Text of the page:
Tuesday, 11 October 2011

Guest Blog - North Finchley Business Forum – a few points that came up

By Paul Evans - 

(originally posted on Finchlinks - http://www.finchlinks.com/2011/10/north-finchley-business-forum-a-few-points-that-came-up/#more-303 )

Last night, I was at the North Finchley Business Forum meeting, hosted jointly by Barnet Council and a company called North London Business. It was interesting, and (up to a point) very positive.
Parking. It came up at the meeting, y'know?
It is the first in a series of meetings – the next one is pencilled in for late November (details to follow – join the LinkedIn group to stay in the loop).
There was a lot of good intentions from the council officers there, and some potentially interesting developments for the area surrounding a bid to the Lord Mayor’s Outer London Fund, a subject that I’ll return to another day soon here.
North London Business appear to be instrumental to the continuing energy around the meetings and, presumably, any bidding that is done. They say that they’ve a budget of £300.00 to do the research that they handed out at the meeting (details to follow), the publicity, and four meeting (including last night’s one). That’s a lot to do for that budget.
Predictably, and understandably, the meeting was dominated with barely supressed rage about the parking situation – the ramped-up charges, the decision (which I’ve only just heard about) to remove all of the parking ticket machines so that they can only be bought online, with a mobile phone, and from selected shops.
I don’t think we need fortune telling-skills to know how that one is going to work out.
Either way, on the parking issue, leaving aside the policy issues, I think the biggest problem is the lack of human dialogue.
There’s a lot to disagree with in the policy itself (more here), but there are also a lot of simple suggestions that could be put to a human being who has the ability to open negotiations with local people on this issue. Ideas like ‘pay-for-what-you-use’ parking in the car-parks or the situation where North Finchley’s CPZ runs from 9am-5.30pm instead of the one-hour restriction elsewhere nearby.
As Cllr Schneiderman put it on Twitter…..
“Just attended N Finchley business forum – to say there was some anger about parking is putting it mildly! Officers left to take flak as usual”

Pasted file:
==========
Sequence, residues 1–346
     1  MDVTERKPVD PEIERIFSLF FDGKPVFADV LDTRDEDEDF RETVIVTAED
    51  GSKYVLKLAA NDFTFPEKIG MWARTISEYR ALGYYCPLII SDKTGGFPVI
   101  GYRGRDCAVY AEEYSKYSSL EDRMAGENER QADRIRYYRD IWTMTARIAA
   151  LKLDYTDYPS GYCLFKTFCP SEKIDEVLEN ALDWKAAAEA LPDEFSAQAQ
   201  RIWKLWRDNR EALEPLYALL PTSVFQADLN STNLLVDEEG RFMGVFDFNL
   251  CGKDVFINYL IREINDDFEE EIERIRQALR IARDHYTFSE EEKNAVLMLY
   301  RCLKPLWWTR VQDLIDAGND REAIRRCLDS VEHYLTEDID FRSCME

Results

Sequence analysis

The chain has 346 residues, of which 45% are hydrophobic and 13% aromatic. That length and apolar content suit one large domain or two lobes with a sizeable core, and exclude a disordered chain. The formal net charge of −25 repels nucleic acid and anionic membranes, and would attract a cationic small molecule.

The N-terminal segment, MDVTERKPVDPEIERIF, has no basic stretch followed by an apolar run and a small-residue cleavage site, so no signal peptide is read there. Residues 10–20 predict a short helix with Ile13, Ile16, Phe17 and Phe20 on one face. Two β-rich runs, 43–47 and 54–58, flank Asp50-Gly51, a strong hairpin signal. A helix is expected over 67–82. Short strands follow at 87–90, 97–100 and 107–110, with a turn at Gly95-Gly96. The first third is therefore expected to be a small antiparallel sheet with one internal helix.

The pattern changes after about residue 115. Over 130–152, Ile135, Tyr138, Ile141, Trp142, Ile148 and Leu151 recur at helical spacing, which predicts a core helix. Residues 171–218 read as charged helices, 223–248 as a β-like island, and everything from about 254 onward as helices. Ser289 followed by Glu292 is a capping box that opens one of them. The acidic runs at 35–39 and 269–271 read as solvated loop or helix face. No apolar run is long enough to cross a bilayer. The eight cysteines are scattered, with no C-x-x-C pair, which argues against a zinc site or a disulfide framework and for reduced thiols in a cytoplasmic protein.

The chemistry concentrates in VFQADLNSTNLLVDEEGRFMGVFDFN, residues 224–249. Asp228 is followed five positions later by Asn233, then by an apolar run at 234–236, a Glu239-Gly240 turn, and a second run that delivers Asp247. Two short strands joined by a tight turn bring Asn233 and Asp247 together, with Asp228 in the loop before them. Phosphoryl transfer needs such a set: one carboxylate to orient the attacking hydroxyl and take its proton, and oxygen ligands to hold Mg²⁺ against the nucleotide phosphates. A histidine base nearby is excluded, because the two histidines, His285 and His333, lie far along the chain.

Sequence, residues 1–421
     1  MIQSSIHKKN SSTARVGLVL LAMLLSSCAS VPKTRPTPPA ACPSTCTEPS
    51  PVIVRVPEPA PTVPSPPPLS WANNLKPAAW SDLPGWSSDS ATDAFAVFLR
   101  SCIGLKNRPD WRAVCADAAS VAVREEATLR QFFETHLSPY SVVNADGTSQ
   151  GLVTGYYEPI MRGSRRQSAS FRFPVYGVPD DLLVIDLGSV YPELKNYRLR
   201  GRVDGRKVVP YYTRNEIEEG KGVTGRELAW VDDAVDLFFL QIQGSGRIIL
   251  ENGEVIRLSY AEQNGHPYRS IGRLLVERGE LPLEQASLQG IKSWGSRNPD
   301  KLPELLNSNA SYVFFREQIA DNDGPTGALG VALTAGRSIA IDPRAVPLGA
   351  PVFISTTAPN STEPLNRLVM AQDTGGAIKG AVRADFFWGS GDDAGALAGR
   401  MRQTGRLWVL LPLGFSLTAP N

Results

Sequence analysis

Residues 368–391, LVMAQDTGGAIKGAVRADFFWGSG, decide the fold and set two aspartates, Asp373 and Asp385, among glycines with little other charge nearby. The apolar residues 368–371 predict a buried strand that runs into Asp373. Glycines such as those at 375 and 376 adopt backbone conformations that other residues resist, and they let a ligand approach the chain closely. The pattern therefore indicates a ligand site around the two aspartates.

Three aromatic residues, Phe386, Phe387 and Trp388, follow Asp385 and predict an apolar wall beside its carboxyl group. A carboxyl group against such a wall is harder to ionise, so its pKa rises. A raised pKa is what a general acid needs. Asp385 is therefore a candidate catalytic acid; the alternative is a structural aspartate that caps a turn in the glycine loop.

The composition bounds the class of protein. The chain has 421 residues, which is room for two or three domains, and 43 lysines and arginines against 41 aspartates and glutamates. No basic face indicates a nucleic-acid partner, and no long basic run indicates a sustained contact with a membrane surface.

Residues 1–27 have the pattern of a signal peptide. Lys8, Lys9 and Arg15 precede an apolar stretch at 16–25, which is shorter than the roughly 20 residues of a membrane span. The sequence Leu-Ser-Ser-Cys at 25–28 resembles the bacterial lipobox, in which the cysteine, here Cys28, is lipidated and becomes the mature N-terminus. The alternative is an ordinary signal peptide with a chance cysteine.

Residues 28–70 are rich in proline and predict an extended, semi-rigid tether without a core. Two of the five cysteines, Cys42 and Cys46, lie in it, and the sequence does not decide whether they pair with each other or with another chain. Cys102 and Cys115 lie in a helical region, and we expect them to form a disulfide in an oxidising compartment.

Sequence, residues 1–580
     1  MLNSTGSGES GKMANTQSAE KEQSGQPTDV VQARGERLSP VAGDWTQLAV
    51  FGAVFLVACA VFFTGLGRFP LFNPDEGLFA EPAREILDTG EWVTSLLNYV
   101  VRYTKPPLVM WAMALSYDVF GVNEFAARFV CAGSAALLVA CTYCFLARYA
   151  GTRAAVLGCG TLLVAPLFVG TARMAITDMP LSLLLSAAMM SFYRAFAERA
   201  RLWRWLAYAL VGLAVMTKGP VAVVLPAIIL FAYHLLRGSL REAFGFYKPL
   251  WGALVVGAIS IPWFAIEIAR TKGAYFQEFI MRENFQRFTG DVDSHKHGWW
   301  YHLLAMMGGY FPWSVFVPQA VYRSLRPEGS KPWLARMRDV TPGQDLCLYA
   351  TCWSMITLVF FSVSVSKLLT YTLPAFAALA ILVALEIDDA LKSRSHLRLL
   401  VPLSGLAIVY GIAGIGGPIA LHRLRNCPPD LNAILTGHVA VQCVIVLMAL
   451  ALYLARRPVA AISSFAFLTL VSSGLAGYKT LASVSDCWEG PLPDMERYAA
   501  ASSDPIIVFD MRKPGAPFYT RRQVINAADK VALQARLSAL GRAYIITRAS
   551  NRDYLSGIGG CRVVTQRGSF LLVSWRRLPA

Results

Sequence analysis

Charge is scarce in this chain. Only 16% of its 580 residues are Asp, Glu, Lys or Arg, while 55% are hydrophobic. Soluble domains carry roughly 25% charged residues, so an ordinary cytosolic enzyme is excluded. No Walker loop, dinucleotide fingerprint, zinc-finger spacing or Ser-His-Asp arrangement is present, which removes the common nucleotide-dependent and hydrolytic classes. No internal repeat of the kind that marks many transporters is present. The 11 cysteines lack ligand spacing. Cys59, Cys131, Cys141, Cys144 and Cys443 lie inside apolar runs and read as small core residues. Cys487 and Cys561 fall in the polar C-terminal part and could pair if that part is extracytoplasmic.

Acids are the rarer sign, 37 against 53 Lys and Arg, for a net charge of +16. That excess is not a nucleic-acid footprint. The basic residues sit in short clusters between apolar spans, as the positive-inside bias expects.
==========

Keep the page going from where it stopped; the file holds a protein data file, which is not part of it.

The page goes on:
We were, however, promised a higher-quality witness from the council on this subject at the next meeting.
Other highlights: Steve Murrant – the Enforcement Investigation Manager at the council (Google tells me he’s a former Chief Inspector, so mind how you go!) spoke about plans to discourage street-drinking, outlining an enforcement plan that he claimed had worked very well in Cricklewood and elsewhere. The meeting was urged to become more involved in the Safe Neighbourhood Team and in ‘Shopwatch’ – a meeting that takes place every three months (but one that had mixed reviews from the businesses in the room).
It was agreed that the police would be invited to come to the next meeting.
Also, the question of the Arts Depot came up. The possibility of it housing a library to replace proposed closures in North Finchley and Friern Barnet (outlined here by Cllr Rams with counter-commentary from Vicky here and as reported, with some scepticism, in Private Eye recently) and the anticipated ‘footfall’ that it would bring to the area was thought to be pertinent to The Bid.
But what about the venue’s role in helping to regenerate the area? Well, the meeting resolved to invite someone from the Arts Depot to the next meeting.
In summary, a lot came up, each issue worth a short article of it’s own.
  • Parking (and parking, parking and parking!)
  • The stats that we were given at the meeting (interesting – watch this space)
  • The Bid
  • The Arts Depot – the library and the wider role of the venue regenerating the area
  • Anti-social behaviour, petty crime and making North Finchley feel safer
I’ll try and post a few of them here, but if you want to weigh in, please let me know!
One last thing though. Initiatives like this have been kicked off before, only to dissolve into nothing. A few people at the meeting offered examples to illustrate their frustration.
Personally, I like to stay as positive as possible on this kind of thing. I think that the meeting was handled very well and the officers at the Council were keen to do anything that they can to work with local businesses to improve the area. With someone there from the Council (on parking), the police and the Arts Depot, the next meeting should be worth going to.
Paul Evans runs the Finchlinks Community blog, where this post is taken from. Finchlinks aims to promote local business and community. The Barnet Eye is always pleased to promote community based initiatives in the London Borough of Barnet

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